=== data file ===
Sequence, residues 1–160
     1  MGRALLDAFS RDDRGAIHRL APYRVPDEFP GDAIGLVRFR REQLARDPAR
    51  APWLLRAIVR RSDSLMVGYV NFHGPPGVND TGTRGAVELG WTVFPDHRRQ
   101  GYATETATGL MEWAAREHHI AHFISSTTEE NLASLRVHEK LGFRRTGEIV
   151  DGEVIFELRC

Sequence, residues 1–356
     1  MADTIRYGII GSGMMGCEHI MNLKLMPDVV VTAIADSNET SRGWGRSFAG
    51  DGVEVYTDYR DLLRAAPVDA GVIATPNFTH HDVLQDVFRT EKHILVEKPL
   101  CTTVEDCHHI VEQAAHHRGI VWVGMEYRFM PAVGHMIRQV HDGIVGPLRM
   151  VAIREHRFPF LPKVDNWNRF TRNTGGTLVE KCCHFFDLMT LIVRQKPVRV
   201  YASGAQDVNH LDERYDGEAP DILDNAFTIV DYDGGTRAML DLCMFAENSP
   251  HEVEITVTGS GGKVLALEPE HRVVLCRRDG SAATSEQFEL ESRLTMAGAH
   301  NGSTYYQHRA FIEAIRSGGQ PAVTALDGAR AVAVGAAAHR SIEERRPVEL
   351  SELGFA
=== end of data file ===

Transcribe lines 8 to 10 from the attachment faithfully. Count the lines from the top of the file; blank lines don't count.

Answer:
    51  DGVEVYTDYR DLLRAAPVDA GVIATPNFTH HDVLQDVFRT EKHILVEKPL
   101  CTTVEDCHHI VEQAAHHRGI VWVGMEYRFM PAVGHMIRQV HDGIVGPLRM
   151  VAIREHRFPF LPKVDNWNRF TRNTGGTLVE KCCHFFDLMT LIVRQKPVRV